WPF performance and .NET Framework Client Profile related blogs provided by Jossef Goldberg.
The WPFPerf tool comprises of a suite of performance profiling tools that allow you to analyze the run-time behavior of your WPF application and point to potential performance bottlenecks. We finally release the version that also supports .NET Framework 4 (WPF 4).
This version of the tool (WPFPerf 4) will allow you to profile both WPF 3.5 SP1 and WPF 4 based applications. The WPFPerf 4 tool is included with the Windows SDK for Windows 7 and .NET Framework 4 (Windows SDK 7.1). So you are welcome to download and send us your feedback.
By the way, the tool itself will run on machines with only .NET 3.5 SP1 or only .NET 4, if both are present it will use .NET 3.5 SP1. Also, I am not sure how many people had a chance to look at the documentation that is installed with the tool , but we think it is very useful so don't forget to check it out.
Update (6/14/2010): We heard that few folks complain that the Visual Profiler cannot correctly attach to the WPF application in the new WPFPerf for WPF 4. After some research we think this has to do with a bug in our DateTime initialization which cause anyone in a time zone > GMT to not get any data in VisualProfiler (for a few hours at least). Until we post a fix, a temporary workaround is to set your time zone > GMT (e.g.to Eastern or Pacific Standard Time Zones) when you first attach VisualProfiler.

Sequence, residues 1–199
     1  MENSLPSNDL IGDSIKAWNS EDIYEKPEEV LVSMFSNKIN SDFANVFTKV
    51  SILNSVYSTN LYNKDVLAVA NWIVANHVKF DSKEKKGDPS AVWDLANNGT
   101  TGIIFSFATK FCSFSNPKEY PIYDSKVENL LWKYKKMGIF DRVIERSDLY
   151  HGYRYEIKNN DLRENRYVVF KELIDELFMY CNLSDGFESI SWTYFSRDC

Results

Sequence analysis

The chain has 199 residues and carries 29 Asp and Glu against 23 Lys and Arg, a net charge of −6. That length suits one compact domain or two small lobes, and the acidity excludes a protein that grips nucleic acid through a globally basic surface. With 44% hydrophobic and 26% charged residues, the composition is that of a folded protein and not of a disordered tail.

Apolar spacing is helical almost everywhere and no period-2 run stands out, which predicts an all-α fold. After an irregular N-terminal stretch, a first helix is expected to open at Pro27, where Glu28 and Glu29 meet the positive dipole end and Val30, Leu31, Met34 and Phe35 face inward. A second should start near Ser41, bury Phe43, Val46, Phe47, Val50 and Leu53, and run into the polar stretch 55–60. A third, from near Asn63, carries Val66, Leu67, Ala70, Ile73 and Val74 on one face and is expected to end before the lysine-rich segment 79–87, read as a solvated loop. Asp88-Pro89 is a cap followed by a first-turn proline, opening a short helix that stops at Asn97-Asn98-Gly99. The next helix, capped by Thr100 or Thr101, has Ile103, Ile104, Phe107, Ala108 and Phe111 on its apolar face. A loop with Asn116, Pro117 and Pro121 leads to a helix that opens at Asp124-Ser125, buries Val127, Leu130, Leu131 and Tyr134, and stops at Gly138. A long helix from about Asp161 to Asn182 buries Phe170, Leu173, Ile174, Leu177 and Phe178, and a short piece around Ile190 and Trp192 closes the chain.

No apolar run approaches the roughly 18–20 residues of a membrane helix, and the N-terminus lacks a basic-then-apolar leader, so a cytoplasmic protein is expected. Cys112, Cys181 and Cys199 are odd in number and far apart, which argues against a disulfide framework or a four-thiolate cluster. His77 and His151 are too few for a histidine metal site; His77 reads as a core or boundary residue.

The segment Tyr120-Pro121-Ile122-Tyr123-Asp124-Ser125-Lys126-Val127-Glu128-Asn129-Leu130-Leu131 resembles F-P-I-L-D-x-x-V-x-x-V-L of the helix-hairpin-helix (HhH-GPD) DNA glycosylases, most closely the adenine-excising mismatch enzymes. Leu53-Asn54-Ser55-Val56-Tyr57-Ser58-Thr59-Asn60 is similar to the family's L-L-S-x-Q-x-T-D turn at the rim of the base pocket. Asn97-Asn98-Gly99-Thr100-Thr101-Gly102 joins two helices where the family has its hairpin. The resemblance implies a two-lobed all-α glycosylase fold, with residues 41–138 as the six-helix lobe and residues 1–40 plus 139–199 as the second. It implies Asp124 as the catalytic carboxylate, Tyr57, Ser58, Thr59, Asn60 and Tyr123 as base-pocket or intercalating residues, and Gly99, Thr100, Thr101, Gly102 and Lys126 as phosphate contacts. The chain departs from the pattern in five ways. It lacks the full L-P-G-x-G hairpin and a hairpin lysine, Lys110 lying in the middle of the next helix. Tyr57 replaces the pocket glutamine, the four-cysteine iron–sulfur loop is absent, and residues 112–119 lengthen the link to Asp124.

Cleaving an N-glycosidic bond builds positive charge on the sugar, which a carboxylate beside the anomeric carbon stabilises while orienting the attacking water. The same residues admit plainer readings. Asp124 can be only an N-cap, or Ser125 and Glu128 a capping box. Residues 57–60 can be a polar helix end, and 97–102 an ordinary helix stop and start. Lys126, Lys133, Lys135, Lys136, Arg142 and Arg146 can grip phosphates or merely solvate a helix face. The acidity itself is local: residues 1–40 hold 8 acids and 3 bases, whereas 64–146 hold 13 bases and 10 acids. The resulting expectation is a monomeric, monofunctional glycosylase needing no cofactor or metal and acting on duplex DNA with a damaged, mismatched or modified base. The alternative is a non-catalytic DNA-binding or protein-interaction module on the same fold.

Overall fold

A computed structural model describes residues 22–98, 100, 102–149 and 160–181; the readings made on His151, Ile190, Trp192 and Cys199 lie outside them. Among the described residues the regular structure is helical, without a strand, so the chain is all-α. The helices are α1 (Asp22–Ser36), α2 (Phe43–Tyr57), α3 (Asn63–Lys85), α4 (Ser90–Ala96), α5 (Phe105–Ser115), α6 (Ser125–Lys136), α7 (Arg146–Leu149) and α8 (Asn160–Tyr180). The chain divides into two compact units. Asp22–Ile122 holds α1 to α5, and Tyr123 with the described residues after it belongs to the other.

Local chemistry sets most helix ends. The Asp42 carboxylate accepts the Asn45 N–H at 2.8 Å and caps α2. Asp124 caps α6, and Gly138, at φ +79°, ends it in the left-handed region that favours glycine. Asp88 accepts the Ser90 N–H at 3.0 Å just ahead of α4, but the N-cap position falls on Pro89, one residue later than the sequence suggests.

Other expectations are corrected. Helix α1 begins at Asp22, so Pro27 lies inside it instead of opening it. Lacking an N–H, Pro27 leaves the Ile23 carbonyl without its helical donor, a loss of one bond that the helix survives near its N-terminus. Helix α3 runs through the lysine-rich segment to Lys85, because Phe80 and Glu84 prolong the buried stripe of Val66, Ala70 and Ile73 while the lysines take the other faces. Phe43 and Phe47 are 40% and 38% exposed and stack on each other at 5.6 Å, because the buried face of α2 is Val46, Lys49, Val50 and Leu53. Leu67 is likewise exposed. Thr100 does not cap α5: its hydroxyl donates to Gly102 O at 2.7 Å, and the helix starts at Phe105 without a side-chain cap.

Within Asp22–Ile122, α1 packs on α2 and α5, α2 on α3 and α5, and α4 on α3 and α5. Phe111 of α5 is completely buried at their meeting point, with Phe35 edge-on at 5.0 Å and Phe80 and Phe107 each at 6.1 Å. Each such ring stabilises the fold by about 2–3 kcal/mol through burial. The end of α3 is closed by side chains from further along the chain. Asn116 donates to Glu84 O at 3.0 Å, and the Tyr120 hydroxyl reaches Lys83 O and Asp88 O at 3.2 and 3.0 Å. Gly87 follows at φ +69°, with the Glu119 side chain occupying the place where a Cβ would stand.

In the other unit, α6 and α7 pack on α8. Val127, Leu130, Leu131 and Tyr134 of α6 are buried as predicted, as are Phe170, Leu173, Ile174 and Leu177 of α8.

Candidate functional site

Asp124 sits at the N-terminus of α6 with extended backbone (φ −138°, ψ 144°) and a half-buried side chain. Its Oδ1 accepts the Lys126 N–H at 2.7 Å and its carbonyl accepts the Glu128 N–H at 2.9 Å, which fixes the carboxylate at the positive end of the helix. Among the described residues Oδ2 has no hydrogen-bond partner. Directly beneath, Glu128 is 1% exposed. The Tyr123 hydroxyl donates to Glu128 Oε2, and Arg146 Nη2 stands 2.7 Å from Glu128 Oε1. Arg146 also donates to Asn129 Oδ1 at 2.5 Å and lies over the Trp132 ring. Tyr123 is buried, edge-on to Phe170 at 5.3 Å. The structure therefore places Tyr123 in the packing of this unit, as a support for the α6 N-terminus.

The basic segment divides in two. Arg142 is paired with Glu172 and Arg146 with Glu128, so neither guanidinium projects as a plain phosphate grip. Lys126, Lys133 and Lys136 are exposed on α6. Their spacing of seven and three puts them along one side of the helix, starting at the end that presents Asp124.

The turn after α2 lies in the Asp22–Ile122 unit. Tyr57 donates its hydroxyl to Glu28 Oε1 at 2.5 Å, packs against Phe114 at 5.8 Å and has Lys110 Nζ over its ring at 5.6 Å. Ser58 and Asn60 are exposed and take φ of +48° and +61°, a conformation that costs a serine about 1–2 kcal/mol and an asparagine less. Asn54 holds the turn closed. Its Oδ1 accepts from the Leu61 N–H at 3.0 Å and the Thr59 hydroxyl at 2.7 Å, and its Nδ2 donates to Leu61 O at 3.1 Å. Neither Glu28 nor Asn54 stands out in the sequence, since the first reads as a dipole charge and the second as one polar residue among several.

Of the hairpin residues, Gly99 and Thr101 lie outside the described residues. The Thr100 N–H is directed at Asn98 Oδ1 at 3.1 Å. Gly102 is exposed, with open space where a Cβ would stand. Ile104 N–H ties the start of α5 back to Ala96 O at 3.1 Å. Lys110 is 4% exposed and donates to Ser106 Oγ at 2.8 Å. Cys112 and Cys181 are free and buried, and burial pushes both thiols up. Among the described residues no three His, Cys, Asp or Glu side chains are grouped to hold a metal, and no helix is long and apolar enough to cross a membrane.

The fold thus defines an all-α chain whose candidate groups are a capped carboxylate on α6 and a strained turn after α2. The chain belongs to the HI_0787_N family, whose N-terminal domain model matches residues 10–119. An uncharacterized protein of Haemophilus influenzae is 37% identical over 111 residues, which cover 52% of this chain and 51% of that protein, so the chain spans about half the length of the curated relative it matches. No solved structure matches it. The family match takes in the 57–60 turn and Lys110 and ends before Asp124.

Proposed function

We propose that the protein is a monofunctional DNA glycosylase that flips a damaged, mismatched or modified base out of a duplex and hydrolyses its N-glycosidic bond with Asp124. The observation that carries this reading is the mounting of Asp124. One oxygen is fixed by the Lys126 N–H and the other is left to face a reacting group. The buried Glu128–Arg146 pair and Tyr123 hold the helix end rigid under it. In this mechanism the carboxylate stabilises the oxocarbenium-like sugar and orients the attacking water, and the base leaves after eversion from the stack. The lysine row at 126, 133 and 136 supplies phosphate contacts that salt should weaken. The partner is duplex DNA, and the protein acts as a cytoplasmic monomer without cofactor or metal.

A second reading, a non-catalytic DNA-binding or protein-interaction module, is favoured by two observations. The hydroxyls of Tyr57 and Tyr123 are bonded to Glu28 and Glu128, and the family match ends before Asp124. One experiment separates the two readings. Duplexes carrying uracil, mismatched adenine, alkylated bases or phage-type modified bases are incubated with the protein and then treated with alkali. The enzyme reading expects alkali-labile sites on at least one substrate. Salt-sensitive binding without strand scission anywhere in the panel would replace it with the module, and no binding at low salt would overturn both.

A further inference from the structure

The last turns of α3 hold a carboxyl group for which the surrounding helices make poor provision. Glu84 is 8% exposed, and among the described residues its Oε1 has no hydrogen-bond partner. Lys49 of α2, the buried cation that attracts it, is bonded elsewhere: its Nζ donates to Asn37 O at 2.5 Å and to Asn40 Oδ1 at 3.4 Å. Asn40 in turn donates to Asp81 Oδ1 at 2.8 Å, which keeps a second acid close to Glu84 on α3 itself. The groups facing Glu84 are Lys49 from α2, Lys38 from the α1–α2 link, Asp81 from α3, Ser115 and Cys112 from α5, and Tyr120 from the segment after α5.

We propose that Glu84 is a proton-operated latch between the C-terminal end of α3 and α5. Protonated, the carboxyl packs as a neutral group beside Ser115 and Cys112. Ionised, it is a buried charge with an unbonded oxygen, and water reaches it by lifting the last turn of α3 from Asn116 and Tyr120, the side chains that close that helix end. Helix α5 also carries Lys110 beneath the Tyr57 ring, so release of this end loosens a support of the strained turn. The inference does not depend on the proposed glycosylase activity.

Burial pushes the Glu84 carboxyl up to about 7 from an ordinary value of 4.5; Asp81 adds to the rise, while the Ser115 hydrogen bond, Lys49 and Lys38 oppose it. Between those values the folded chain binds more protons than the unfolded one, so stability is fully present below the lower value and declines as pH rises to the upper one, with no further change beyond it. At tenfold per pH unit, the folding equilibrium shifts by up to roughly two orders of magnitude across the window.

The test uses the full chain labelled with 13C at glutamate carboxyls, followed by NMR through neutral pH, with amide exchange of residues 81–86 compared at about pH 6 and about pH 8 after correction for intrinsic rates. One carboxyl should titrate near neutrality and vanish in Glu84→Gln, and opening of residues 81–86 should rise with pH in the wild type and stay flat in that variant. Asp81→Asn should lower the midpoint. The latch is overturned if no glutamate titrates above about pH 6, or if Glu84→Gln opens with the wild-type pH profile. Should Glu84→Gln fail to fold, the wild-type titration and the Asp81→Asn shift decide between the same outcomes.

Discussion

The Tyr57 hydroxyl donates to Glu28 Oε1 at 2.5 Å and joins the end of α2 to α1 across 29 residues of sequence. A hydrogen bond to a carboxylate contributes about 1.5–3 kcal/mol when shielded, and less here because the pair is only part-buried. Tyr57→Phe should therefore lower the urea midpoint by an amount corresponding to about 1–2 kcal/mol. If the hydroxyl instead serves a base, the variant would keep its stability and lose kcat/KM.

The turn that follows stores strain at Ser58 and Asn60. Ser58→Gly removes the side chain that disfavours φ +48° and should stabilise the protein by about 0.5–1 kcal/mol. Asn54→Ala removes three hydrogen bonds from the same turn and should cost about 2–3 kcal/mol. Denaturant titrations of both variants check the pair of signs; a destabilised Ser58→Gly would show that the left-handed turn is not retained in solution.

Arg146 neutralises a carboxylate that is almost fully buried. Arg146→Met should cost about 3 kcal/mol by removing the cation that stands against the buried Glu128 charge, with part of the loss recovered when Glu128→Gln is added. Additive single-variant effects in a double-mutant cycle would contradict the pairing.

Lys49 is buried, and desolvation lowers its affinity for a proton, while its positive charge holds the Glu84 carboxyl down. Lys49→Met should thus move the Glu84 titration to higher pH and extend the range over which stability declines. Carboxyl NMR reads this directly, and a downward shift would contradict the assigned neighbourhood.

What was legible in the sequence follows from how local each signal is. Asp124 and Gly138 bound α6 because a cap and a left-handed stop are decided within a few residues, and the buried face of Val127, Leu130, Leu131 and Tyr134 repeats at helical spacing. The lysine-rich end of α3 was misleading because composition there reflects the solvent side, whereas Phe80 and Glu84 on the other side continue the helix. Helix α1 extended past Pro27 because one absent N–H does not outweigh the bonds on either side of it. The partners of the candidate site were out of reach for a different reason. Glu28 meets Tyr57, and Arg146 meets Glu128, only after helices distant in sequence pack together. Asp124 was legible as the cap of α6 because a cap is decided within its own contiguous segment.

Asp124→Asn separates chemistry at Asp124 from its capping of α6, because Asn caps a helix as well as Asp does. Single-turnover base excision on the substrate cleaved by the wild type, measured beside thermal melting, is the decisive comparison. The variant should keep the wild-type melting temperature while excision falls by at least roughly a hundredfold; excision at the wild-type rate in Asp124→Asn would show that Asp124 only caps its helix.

Please try this workaround and let us know.
Update (8/24/2010): A patch to that fixes the bug in Visual Profiler for certain time zones is now available. See here.
Not sure if folks aware that Snoop for WPF 4.0 has been available for a while. You can download it from here.
This version includes other impressive list of improvements that you can read about here. Thanks to Corry Plotts and others (Dan Hanan, Mark Kharitonov, etc) who improved on Pete Blois’ original Snoop.
Not sure if folks are aware, but Visual Studio 2010 now includes WPF Visualizer. This can really help you during debugging.It basically allows you to explore and visualize the Visual Tree and properties of a WPF object during a debug sessions. Similar to what Mole was doing, but this is now built-in to Visual Studio 2010.
To use: During debug, in a DataTip, Watch window, Autos window, or Locals window, next to a WPF object name, click the arrow adjacent to the magnifying glass icon. See images below for the SDK example I used: